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IsiacTorres

What if the "Big Bang" was just the supernova of a star?

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As you probably know, inside of a nebula gas particles attract each other and start to clump up. The larger the clumps get the higher the gravitational pull of the whole, until eventually the pressure in the core is so great fusion starts to take place, lighting it up like a spherical candle. After the star has lived and expanded into a giant star it dies out and explodes or implodes, possibly making another nebula or forming a neutron star. Well i was thinking about this while coming up with a name for my film production (irrelevant), and i began to think about how the universe is still expanding. What if our universe does the same thing? It seems as though everything in our observable universe goes through cycles, so don't you think it would be logical that energy did the same?

post-105086-0-61155900-1400394485.jpg


I apologize if my grammar is bad or my question is mixed up, my mind is currently fried for other reasons.

Edited by IsiacTorres

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It's good you are thinking creatively, but there are a few reasons why that doesn't match the evidence that we have. Let's start with the easiest to understand and go from there.

 

First, if it was a simple matter of all the matter in the universe being part of a single star that then went nova, that primordial star would have immediately collapsed into a black hole. There would have been no star at all and thus no potential to go nova.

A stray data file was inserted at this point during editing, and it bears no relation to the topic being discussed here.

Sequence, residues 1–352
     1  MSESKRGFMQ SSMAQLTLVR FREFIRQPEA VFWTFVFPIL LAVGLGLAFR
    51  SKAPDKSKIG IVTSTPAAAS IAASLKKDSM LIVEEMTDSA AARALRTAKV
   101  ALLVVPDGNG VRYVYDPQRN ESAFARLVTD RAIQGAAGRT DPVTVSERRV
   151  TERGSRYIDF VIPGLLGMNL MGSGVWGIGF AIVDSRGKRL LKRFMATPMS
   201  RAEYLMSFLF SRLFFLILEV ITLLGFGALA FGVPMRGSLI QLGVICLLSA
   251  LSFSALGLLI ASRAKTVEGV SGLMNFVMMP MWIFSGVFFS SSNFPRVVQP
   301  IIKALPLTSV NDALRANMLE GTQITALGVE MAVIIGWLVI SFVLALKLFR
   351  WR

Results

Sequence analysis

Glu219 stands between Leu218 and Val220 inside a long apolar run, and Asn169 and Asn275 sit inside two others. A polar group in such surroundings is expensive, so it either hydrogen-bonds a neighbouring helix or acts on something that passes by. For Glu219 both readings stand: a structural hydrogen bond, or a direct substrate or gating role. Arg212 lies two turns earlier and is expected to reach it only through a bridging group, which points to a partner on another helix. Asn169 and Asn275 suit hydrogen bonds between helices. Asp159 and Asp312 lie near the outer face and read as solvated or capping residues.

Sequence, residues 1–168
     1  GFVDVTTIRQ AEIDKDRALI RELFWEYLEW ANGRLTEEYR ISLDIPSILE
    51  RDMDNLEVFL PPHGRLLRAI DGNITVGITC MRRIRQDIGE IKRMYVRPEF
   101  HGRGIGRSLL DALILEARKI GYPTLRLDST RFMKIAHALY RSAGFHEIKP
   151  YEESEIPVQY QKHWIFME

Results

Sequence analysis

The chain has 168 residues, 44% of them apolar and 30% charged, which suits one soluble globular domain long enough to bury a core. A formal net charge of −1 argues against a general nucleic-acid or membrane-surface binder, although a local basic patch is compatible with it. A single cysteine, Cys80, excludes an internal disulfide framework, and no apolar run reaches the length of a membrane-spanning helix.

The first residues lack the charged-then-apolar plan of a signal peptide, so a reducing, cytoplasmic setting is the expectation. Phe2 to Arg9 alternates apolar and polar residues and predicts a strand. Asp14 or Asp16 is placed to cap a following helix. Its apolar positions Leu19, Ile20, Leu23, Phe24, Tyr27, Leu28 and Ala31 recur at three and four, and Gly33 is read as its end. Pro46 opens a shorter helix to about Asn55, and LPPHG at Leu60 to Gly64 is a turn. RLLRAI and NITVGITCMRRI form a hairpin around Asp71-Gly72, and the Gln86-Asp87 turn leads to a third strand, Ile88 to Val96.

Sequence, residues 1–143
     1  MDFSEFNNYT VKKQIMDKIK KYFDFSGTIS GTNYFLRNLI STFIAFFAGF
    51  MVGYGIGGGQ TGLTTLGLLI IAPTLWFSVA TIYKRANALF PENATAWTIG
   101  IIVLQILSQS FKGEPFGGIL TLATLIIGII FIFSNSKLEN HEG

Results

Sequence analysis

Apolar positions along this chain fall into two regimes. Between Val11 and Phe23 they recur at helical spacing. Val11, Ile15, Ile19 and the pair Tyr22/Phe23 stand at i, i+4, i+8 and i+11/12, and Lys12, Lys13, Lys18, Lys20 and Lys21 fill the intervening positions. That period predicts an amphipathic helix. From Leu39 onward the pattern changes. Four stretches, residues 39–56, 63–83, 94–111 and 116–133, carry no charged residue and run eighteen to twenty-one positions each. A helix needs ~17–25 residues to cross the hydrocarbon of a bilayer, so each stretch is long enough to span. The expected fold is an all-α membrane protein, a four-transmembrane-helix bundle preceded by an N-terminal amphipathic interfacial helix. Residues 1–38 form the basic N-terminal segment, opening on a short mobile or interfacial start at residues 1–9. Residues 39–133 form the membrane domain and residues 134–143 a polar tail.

Second, despite the name, the Big Bang was not actually an explosion. It's simply an expansion more akin to a balloon being inflated than a grenade going off. It's also an expansion of space, which carries the matter along with it, rather than an outward expansion of matter.

 

Which brings me to my third and final point. There is no center from which everything is expanding. The expansion is happening everywhere in the universe at once. The observable universe is a finite "bubble" of sorts with us at the center and everything expanding away from us in every direction, but this is exactly what the universe looks like from every pointin the universe.

 

The bubble is a result of the speed of light. The farther you get from Earth, the older the picture that we see gets. The sun is 8 light minutes away, so when you look at the sun (not recommended) that's what it looked like 8 minutes ago. The next closest star is 4 light years away, so when you look at it, you're seeing what it looked like 4 years ago.

 

Once you're looking far enough away, the distance is so great that it would take light longer than the universe has existed to reach us from there. That defines the boundary of our observable universe, and since it's a set distance away from us in every direction, there is a sphere around the Earth with a radius of ~13 billion light years that encompasses the observable universe (of Earth).